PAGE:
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Jul 2020, Vol 8, Issue 3
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Original Article
Prevalence and Genotype Distribution of Human Papillomavirus Among a Subpopulation of Jordanian Women
Ashraf I. Khasawneh1, Fida F.Asali2, Rami M.Kilani2, Jumana A.Abu-Raideh1, Nisreen M. Himsawi1, Muna A. Salameh3, Ghadeer H.Al Ghabbiesh4, Tareq Saleh1
1Department of Basic Medical Sciences, Faculty of Medicine, The Hashemite University, Zarqa, Jordan
2Department of Obstetrics and Gynecology, Faculty of Medicine, The Hashemite University, Zarqa, Jordan
3Department of Basic Medical Sciences, College of Medicine, Al-Balqa' Applied University, Al-Salt, Jordan
4Molecular Biology Department, MedLabs Consultancy Group, Amman, Jordan


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Keywords : Human papillomavirus, Real-time PCR, HPV 16, Prevalence; Jordan, Cervical cancer
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Abstract

Objectives: Human papillomavirus (HPV) infection is the leading sexually-transmitted infection worldwide and the main etiology of cervical cancer. HPV infection rates are important in directing vaccination policies and screening for cervical cancer. Unfortunately, no recent reports have evaluated the prevalence of HPV infection amongst Jordanian women, despite the major globalization-driven changes in sexual behavior. This study aims to determine the prevalence of HPV infection and its genotypic distribution in cervical samples of Jordanian women.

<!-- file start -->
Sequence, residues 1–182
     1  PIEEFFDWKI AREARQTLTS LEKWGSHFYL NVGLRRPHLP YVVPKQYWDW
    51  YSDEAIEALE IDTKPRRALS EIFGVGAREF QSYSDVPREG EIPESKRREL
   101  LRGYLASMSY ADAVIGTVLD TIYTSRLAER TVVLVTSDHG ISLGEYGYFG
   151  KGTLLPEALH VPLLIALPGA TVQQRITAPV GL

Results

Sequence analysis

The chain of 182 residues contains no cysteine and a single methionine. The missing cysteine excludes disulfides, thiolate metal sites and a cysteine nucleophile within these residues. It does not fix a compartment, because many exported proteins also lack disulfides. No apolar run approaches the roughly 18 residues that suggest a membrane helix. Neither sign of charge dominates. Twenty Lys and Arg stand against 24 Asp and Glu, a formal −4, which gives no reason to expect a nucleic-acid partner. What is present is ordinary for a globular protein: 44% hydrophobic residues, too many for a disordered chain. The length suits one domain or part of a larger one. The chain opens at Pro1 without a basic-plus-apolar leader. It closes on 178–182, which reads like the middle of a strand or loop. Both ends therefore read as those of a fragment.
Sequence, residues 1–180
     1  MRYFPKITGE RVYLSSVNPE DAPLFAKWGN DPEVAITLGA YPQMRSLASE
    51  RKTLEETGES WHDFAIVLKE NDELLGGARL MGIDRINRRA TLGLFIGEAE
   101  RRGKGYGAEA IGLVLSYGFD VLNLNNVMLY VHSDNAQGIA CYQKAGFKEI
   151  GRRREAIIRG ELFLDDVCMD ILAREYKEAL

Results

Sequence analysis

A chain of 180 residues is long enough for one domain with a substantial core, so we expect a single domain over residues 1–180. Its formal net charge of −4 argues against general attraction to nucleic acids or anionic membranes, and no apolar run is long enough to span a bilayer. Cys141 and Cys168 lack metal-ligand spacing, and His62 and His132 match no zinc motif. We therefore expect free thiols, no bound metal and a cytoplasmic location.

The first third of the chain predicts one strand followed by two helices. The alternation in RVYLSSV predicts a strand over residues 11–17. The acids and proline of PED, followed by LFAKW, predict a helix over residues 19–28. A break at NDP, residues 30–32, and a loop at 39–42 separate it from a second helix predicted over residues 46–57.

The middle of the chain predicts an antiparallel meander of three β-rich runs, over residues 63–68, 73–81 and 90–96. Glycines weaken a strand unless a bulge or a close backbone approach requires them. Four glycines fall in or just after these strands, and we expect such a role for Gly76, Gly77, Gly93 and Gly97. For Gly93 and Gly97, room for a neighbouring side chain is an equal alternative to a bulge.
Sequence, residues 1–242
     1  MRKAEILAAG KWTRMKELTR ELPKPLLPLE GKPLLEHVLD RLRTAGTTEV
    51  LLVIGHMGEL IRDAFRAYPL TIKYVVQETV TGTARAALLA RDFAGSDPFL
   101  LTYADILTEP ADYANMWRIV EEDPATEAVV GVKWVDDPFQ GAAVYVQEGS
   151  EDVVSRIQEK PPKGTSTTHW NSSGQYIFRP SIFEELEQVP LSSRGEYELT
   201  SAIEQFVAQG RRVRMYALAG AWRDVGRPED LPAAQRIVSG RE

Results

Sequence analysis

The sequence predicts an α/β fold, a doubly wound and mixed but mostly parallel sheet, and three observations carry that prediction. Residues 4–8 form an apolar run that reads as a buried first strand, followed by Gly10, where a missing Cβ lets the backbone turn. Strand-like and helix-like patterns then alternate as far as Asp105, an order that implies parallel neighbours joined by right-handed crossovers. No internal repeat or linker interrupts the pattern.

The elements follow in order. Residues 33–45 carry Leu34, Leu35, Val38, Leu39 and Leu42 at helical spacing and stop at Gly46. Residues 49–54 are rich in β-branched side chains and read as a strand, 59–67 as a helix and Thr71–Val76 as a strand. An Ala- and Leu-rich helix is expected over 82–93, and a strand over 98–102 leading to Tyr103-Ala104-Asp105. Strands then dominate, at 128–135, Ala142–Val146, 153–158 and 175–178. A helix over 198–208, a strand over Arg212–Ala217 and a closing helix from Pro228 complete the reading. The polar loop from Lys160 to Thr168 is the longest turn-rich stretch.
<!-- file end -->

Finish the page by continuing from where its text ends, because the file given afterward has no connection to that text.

Materials and Methods: The study was carried out at Prince Hamza Hospital (Amman, Jordan) during 2016-17. Women (15 and 75 years old) were randomly selected for cervical cell collection. DNA was extracted and then amplified using MY09/11 and GP5+/6+ consensus primers. Positive samples were then genotyped using RT-PCR and reverse line blotting.

Results: Fourteen out of 348 women tested positive for HPV with a prevalence rate of 4%. Multiple HPV genotypes were seen in 36% (5/14) of infected women, while single HPV genotype infection was seen in 64% (9/14) of infected women. High-risk HPV genotypes were detected in most cases with 78.6% (11/14) infection rate, potential high-risk HPV genotypes were detected in 42.9% (6/14), and low-risk HPV genotypes were detected in 7.1% (1/14) of infected women. Ten different genotypes were detected in the infected women; the most common type was HPV 16 (42.9%; 6/14).

Conclusions: Our data suggests that the prevalence of HPV infection amongst Jordanian women is below the global and regional rates. This data should facilitate the implementation of appropriate cervical cancer screening and future HPV vaccination programs.

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Articles by I. Khasawneh A
Articles by F.asali F
Articles by M.kilani R
Articles by A.abu-raideh J
Articles by M. Himsawi N
Articles by A. Salameh M
Articles by H.Al Ghabbiesh G
Articles by Saleh T

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Articles by Fida F.Asali
Articles by Rami M.Kilani
Articles by Nisreen M. Himsawi
Articles by Muna A. Salameh
Articles by Tareq Saleh

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